Featured Research

from universities, journals, and other organizations

Polar ecosystems acutely vulnerable to sunlight-driven tipping points

Date:
July 31, 2013
Source:
University of New South Wales
Summary:
Slight changes in the timing of the annual loss of sea-ice in polar regions could have dire consequences for polar ecosystems, by allowing a lot more sunlight to reach the sea floor. The research predicts biodiversity on some areas of the polar seabed could be reduced by as much as one third within decades, as the poles warm.

Fan worms (turquoise) and sponges (orange) under the sea ice in Antarctica near Casey Station.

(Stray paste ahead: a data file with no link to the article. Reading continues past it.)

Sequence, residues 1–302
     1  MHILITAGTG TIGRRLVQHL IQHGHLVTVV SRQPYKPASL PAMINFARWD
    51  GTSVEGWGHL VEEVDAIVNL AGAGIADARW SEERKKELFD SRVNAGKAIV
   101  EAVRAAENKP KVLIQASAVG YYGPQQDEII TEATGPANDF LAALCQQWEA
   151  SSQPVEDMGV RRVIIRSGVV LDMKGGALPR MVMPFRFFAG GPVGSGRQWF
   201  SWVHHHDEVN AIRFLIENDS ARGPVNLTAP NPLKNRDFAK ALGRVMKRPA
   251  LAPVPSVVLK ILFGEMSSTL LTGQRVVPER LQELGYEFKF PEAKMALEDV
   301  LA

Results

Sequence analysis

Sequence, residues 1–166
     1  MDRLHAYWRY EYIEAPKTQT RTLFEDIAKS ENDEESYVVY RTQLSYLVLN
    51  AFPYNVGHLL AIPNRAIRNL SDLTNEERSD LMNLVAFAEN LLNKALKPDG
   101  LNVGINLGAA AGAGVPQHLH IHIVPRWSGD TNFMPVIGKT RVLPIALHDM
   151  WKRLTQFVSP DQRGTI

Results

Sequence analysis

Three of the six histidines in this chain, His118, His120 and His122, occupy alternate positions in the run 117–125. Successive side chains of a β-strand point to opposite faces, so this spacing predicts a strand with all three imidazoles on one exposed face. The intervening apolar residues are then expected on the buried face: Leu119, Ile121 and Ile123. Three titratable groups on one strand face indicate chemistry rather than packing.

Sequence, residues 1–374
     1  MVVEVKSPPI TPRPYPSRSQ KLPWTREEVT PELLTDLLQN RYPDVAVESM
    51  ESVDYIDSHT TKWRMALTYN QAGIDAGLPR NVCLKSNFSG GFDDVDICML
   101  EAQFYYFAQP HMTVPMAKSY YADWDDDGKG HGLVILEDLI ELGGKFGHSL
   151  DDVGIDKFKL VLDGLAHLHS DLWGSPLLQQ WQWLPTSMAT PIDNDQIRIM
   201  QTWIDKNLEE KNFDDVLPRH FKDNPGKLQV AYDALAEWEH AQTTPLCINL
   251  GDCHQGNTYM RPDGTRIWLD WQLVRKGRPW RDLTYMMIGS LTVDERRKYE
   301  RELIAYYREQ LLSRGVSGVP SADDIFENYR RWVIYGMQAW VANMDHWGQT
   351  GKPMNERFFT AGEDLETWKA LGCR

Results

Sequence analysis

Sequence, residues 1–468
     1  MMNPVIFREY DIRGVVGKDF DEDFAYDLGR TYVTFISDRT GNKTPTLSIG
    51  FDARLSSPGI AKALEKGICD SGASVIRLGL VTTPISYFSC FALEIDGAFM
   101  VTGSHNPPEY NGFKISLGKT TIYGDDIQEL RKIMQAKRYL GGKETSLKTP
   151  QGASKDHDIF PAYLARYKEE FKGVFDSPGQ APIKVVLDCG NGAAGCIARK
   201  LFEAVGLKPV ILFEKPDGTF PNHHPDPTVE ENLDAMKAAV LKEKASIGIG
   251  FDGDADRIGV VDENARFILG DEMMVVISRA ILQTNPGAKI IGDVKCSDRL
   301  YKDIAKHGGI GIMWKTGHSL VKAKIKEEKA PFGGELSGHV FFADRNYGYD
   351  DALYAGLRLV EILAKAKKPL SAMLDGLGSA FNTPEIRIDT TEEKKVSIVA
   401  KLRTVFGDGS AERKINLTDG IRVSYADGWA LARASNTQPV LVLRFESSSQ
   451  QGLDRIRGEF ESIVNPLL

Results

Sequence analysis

Credit: Graeme Clark

Slight changes in the timing of the annual loss of sea-ice in polar regions could have dire consequences for polar ecosystems, by allowing a lot more sunlight to reach the sea floor.

The research by scientists at UNSW and the Australian Antarctic Division predicts that biodiversity on some areas of the polar seabed could be reduced by as much as one third within decades, as the poles warm.

The study, Light-driven tipping points in polar ecosystems, will be published in the journal Global Change Biology.

Dr Graeme Clark, of the UNSW School of Biological, Earth and Environmental Sciences, says the team's research shows that polar ecosystems may be even more sensitive to climate change than previously thought.